Short on time? Here are the highlights:
- Persistent travel restrictions and a slower-than-expected vaccine rollout has hindered the recovery of global travel in the first months of 2021
- Recovery is still projected for the second half of the year, but much will depend on the timing and progress with respect to easing travel restrictions, vaccination efforts, and the development of safe travel protocols
The severe disruption in global travel that we observed throughout much of 2020 is continuing this year. The latest tracking data from the UN World Tourism Organization (UNWTO) finds an 87% decline in international arrivals for January 2021 compared to January 2020.
The UNWTO reports that nearly a third (32%) of all global destinations remain completely closed to international tourists as of the beginning of February 2021. Largely with that in mind, the organisation projects a challenging first half of the year and is expecting an overall decline of roughly 85% for the first quarter of 2021 (compared to the same period in 2019). If that forecast holds, that would equate to a loss of 260 million international arrivals in the first months of this year.
“Mandatory testing, quarantines, and in some cases the complete closure of borders, have all hindered the resumption of international travel,” says the UNWTO. “In addition, the speed and distribution of the vaccination roll-out have been slower than expected, further delaying the restart of tourism.”
UNWTO Secretary-General Zurab Pololikashvili added, “2020 was the worst year on record for tourism. The international community needs to take strong and urgent action to ensure a brighter 2021. Many millions of livelihoods and businesses are depending on it. Improved coordination between countries and harmonised travel and health protocols are essential to restore confidence in tourism and allow international travel to resume safely ahead of the peak summer season in the northern hemisphere.”
Many other destinations, whether fully closed to international visitors or not, have been slow to lay down the infrastructure that the UNWTO is calling for. After being badly disrupted last year, basic visa services, notably in Canada and the US, have been slow to ramp up to previous service levels. The situation is likely to improve throughout 2021, but progress on safe arrival protocols has often been slow in many destinations as well, especially where multiple levels of (national and provincial or state) governments have been involved.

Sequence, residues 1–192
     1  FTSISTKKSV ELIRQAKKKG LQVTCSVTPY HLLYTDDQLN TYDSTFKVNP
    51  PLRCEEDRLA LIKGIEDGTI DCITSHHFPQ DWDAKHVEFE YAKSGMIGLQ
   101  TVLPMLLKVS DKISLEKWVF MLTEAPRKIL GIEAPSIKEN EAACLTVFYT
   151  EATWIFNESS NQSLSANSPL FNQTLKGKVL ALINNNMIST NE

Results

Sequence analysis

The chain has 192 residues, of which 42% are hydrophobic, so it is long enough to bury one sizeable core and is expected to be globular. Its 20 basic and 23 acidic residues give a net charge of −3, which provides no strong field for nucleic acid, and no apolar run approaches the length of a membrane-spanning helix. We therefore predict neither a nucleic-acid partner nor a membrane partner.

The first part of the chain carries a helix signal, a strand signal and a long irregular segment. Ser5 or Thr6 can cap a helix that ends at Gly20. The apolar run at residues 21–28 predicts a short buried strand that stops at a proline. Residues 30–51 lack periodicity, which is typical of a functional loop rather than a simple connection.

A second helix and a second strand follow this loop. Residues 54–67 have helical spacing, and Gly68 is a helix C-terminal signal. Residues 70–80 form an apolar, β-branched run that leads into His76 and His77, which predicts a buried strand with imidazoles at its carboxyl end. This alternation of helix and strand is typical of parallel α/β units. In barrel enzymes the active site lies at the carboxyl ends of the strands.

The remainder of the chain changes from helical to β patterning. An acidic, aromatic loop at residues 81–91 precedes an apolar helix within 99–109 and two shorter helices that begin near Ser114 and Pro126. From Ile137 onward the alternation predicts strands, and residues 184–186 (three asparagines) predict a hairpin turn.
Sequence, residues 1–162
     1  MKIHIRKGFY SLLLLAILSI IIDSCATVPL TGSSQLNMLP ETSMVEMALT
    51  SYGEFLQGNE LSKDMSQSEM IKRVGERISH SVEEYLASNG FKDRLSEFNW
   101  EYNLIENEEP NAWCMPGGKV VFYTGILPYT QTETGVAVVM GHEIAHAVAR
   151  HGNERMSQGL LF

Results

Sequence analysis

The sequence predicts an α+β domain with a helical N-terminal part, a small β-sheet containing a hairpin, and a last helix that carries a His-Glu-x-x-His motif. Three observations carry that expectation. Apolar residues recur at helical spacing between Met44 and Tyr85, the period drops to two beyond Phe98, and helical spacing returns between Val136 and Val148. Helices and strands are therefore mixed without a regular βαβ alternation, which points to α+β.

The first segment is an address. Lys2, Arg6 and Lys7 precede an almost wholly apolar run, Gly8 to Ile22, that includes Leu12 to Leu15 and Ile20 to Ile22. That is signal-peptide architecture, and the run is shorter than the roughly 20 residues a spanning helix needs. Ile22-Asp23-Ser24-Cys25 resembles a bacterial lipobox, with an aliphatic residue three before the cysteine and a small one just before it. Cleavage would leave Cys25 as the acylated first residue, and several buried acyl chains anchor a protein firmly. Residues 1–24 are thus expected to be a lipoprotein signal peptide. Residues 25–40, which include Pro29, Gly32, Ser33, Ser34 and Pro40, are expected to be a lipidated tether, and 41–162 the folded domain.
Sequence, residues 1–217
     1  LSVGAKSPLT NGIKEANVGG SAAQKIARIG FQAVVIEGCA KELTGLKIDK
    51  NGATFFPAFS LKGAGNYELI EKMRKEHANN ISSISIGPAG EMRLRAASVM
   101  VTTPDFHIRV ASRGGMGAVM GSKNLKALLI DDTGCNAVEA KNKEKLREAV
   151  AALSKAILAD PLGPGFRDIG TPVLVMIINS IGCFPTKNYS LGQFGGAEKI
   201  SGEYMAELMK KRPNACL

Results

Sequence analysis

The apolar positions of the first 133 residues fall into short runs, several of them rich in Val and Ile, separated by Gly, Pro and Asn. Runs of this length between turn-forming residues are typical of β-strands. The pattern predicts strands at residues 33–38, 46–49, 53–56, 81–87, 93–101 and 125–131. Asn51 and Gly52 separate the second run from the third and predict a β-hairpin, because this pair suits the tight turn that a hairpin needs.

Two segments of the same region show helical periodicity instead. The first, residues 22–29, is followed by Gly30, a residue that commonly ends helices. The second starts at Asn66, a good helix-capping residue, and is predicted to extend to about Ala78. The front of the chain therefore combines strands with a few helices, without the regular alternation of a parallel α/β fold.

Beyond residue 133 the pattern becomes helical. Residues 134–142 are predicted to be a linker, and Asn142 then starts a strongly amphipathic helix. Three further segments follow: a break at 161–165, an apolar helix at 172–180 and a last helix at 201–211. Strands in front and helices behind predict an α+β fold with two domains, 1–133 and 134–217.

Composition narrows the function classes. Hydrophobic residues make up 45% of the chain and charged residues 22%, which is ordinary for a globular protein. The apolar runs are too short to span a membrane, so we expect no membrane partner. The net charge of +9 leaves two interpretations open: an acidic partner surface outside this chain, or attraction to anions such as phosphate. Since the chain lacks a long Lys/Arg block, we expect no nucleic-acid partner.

At the same time, there are serious efforts afoot to promote safe and relatively easy travel this year. Perhaps most notable among those is the European Union’s fast-tracked process to establish a “Digital Green Certificate“, a new type of travel credential that demonstrates the holder has been vaccinated, has received a negative COVID test result, and/or has previously recovered from the virus.
Projecting the rest of 2021
Looking ahead, the UNWTO is now working with two recovery scenarios for the balance of the year. Each scenario is based on a number of factors, notably a substantial easing of international travel restrictions, the successful implementation of large-scale vaccination programmes, and the introduction of harmonised travel protocols, such as the EU’s Digital Green Certificate.
The first scenario anticipates significant progress in some of those key areas by July this year. The second, more conservative scenario assumes that progress in some of those key areas won’t really take hold until September.
The following chart shows the impact of this timing factor, where the first scenario (breakthrough progress in July) would result in a 66% increase in international arrivals for 2021 compared to the “historic lows of 2020.” However, even under that best-case scenario, the UNWTO cautions, the volume of global travel would still be about 55% below 2019 levels.
The second scenario (rebound in September) would lead to only a 22% year-over-year increase, which would leave the global industry roughly two-thirds (67%) below 2019 travel volumes.
For additional background, please see: